Muscle System If you enjoy action, then this is the system for you. No matter how still you try to be, there’s always a movement taking place in your muscles. Did you know there are over 650 muscles in the human body, and that muscles make up 1/3 of a grown human body? Muscles cover the entire skeleton, and bones can’t move without muscles. Flex your muscles and tour this exciting system! Three types of muscles are skeletal muscles, smooth muscles, and cardiac muscles. Skeletal muscle tissue contains many long, cylindrical cells. Usually, a number of skeletal muscle cells are bundled together, and then several bundles are enclosed in a tough connective tissue sheath to form “a muscle” such as biceps in the arms.
This muscle type functions in contraction for voluntary movements. Cardiac muscle tissue is made up of branching, striated cells that are fused together at their plasma membranes. This allows the cells to contract as a unit. This type of muscle is found in the walls of the heart and functions in the pumping of blood through circulatory system. Smooth muscle consists of long, spindle-shaped cells, each with a single nucleus, and connective tissue holds the cells together. Smooth muscle tissue can be found in the stomach and the walls of blood vessels.
This type of muscle functions in propulsion of substances along internal passageways. The fleshy part of all muscles is called the belly. Sarcomeres are the basic units of muscle contraction. They are made up of actin and myosin filaments which are a part of myofibrils. Myofibrils are threadlike structures within each muscle cell.
Actin is a contractile protein that is a thin filament, and myosin is another contractile protein but is a thick filament. According to the sliding-filament model, myosin filaments slide along and pull the actin filaments toward the center of a sarcomere during contraction. First, acetylcholine is produced in motor neurons. This is a transmitter substance that stimulates contraction in adjacent muscle cells. Cholinesterase is an enzyme present in all nerve tissue that breaks up acytylcholine after contraction and prevents build-up.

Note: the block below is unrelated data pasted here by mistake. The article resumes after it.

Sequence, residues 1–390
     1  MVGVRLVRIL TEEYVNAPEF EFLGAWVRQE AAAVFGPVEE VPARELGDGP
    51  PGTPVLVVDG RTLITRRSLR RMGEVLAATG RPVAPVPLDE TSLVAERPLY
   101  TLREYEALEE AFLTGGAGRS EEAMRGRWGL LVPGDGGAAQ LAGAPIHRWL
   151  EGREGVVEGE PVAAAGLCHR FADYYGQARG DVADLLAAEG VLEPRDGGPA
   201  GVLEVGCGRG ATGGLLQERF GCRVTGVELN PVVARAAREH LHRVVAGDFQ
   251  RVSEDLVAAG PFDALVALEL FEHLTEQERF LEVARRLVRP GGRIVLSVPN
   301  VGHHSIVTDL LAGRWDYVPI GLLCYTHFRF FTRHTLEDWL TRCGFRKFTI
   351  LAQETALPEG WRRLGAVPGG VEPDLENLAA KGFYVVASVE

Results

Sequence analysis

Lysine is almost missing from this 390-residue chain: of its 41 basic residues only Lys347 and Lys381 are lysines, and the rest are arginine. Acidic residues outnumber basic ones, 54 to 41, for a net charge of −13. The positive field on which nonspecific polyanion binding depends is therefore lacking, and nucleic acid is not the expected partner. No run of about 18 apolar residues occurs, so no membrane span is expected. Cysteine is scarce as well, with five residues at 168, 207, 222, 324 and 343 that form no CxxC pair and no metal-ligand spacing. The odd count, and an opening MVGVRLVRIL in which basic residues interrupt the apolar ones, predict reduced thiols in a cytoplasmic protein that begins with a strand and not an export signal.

Once acetylcholine stimulates muscle cells, the head of a myosin molecule attaches to a binding site on actin, forming a cross-bridge. The myosin head is bent because an ATP molecule is associated with it. When energy is released, the head bends back to its normal position, bringing with it the actin filament. Another energy input from ATP causes the myosin head to detach, and then the process begins again until the muscle is fully contracted. Contraction of muscles is an all or nothing response because it is based on the action potential in motor neurons. In these neurons, a threshold must be reached before the action potential is stimulated and carried to the muscle cells.
Muscles, bones, and tendons are all related. Tendons are the tissues that connect muscles and bones. They are what ultimately allow movement. When muscles contract, the tendons move because of the contraction, causing the movement of the bones to which they are attached. Extensors are muscles that when contracted, extend or straighten out a limb or part of the body. Flexors, however, are muscles that bend the angle of a limb or other body part when contracted. Bones are connected to one another by ligaments. Muscle fatigue is a protective mechanism that protects muscles against deleterious energy depletion and irreversible impairment of muscle function.
As potassium channels are activated as a result of fatigue, potassium increases and action potential duration decreases. The shorter action potential and the increased potassium then contribute to the decrease in membrane excitability, allowing a muscle to preserve energy. With all its action, this system provides for an exciting experience. Enjoy your tour through the world of myology, as you will be able see first-hand the structure, function and diseases of muscles.